The final piece is the inverter. I have a 2000 watt Magnum Pure-Sine Inverter which converts power from the batteries to AC power that I use to run the induction stove and other things that plug into the 110 outlets. I have 6 USB outlets and 6 regular 110 outlets, including two 110 outlets in the garage that we use to charge our e-bikes.
Sprinter Van Temperature Control
I didn’t want a rear AC in the van. They draw a ton of power and didn’t seem necessary. We don’t plan on camping in the desert in summer, and when it gets too hot, we flock to higher elevations.
Outside Van did do a few things though to keep the interior of the van comfortable, even on hot sunny days.
First, they replaced the front side factory windows with CR Laurence Windows that vent. Next to the bed, we also have small slider windows that open up.
I have two Maxx Fans. One above the galley and one above the bed. They each have a rain sensor and create really nice airflow in the van. Compared to my Fantastic Fan in my last Sprinter Van, the Maxx Fans seem superior.
All of the window shades in the van are made of a ripstop nylon with a layer of closed cell foam in the middle which helps insulate the van from the heat in the summer and prevent warm air from escaping through the windows in the winter. The shades are very simple to put up and take down via the snap buttons and most of the time, we find ourselves driving with them in place to keep the sun out.
The curtain that leads to the front of the van is the same material and has a zippered walkway in the middle. We keep this attached to the overhead shelf when we are driving since it keeps the cab cooler with the AC.
For heat in the winter, I have a Webasto Dual Top Evo 6. This equipment produces hot air and hot water and runs of the diesel in your existing diesel tank. Outside Van generally installs these Webasto units inside the van in the garage which improves their performance in the winter versus having them on the outside.
Sprinter Van Plumbing System
In my new Sprinter, I wanted my entire plumbing system contained inside the van, so I don’t have to worry about anything freezing in the winter.
I have a 25-gallon water tank inside a cabinet in the garage, alongside the Webasto Dual Top which stores an additional 3 gallons of hot water in the boiler. The BPA-free water tank is permanent, but it can easily be filled using a hose or 5-gallon jugs if I can’t find a spigot with potable water. Water that runs through lines to the sink goes through a three-stage charcoal water filter that ensures the water we are drinking is clean.
For showering, Outside Van does build lightweight indoor showers for those of you who truly need a regular indoor shower…but based my experience with my last indoor shower, I decided this wasn’t a necessity for me or worth the sacrifice in space. For showering, we can quickly hook up a shower hose to the back of the water tank, which allows us to take hot outdoor showers. When we travel in the winter, we’ll have to find other ways to shower – like gyms, community centers, campgrounds, or houses of family or friends.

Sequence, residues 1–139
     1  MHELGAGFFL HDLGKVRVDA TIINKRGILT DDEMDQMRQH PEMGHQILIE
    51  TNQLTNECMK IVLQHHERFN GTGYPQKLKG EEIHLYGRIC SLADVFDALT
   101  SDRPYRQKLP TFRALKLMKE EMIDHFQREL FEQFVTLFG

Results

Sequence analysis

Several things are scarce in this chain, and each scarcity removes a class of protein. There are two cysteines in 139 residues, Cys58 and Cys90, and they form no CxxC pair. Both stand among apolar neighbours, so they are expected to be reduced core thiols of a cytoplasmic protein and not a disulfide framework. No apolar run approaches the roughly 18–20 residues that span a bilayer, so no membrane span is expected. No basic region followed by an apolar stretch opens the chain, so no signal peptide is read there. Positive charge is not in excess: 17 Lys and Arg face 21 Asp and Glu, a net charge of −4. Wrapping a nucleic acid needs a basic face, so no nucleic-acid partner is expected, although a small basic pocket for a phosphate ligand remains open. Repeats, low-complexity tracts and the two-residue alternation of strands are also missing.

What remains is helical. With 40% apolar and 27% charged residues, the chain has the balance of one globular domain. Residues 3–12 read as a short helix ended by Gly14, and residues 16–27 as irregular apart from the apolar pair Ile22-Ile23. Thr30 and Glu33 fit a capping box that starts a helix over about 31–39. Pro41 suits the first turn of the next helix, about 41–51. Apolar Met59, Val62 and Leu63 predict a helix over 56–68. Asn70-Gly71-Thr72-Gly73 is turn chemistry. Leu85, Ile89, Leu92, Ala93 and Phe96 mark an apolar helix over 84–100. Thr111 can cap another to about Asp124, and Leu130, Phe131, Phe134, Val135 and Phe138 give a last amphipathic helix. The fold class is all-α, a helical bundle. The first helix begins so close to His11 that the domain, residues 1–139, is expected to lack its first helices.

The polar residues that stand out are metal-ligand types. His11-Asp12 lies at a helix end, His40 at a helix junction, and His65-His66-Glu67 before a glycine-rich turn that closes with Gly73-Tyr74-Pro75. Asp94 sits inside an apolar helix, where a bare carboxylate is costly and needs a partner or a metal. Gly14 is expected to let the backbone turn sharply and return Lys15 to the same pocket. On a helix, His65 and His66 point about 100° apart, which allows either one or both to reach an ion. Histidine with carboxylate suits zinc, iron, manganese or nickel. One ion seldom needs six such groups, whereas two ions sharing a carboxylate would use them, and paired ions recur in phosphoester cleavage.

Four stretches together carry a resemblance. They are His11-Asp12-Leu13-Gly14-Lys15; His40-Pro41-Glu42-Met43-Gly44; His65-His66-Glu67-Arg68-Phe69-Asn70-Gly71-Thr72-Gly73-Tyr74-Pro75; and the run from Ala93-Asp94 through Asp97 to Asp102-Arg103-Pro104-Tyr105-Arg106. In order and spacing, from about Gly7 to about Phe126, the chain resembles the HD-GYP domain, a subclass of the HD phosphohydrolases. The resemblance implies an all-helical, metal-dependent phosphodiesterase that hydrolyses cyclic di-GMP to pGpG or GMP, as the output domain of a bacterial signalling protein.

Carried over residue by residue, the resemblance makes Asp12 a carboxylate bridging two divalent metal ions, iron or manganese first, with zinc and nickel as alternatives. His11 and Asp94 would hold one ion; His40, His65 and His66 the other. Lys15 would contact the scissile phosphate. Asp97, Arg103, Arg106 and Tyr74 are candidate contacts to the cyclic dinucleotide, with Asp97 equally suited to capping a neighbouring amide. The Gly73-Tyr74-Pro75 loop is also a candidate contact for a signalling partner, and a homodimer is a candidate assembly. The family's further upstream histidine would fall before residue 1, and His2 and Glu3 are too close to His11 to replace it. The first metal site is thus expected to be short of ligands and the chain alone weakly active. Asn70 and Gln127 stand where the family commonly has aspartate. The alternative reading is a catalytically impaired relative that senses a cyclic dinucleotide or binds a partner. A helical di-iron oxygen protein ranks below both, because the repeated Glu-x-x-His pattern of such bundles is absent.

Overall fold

In my last Sprinter Van, I had a Thetford portable toilet. It did the trick, but I hated using it for #2 because dumping it was gross. Plus, finding a dump every 5-7 days to empty the toilet was a hassle. In my new Sprinter, I do not have a toilet. I’m going to write an entire blog post about going to the bathroom when you don’t have a toilet…but so far, it’s working out just fine for us. The space we save by not having the toilet is more than worth it, and I enjoy not having the toilet-related chores.
Sprinter Van Floor
In my last Sprinter, I found that the dark wood floors looked great, but they were very hard to keep clean. Dirt shows very easily on dark colors and with our dog, all we saw was footprints. The wood also didn’t provide any traction.
The first thing Outside Van does when building their floors is to remove the factory floor. They then build a new floor out of marine grade plywood and adhere a layer of high-density vinyl to the top. This is a slightly heavier than the factory floor, but its a little thicker and way more durable, so there’s no flex in the floor when you place heavy features on it.
In my Outside Van Sprinter, I choose two different types of flooring – both made of a high-density vinyl. In the front, I wanted something that would provide a balance between durability and easiness to clean, which led me to a lighter colored vinyl weave with a hint of black that ties in with other black features in the van like the window shades.
In the back, I chose a diamond plate style vinyl floor, which is one of the most durable floor types you can put in a Sprinter Van. It doesn’t scratch, so it can withstand bins and bikes sliding across it.
Sprinter Van Walls
One of my favorite features of my last Sprinter Van was the white walls. It made the van feel so bright, open, and airy. Outside Van had never built a van with white walls, so my van is a completely new look for them. They found a synthetic leather product that is eco-friendly, VOC-free, easy to clean with a damp cloth, waterproof, and fade proof. It’s perfect for people with dogs, as dog hair doesn’t stick to it.
Behind the walls, is insulation, a really powerful sound dampening material, and a custom infrastructure that Outside Van has developed to reduce the twisting and flexing of the van interior, making the build more durable. The van is incredibly quiet when I drive. There are no rattles or other noises from the cabinets or other components, making for a very peaceful ride.
Sprinter Van Bathroom?
So where is the bathroom? If you’ve been following me for a while, you know that the bathroom in my last Sprinter Van didn’t get much use. So in my new Outside Van, I decided against a bathroom and opted for more storage instead. I recently wrote an entire blog post dedicated to this subject detailing my reasons why I decided not to have a toilet and how I go to the bathroom on the road. I also share a list of the best campervan toilets for vanlife for those of you who definitely want a toilet.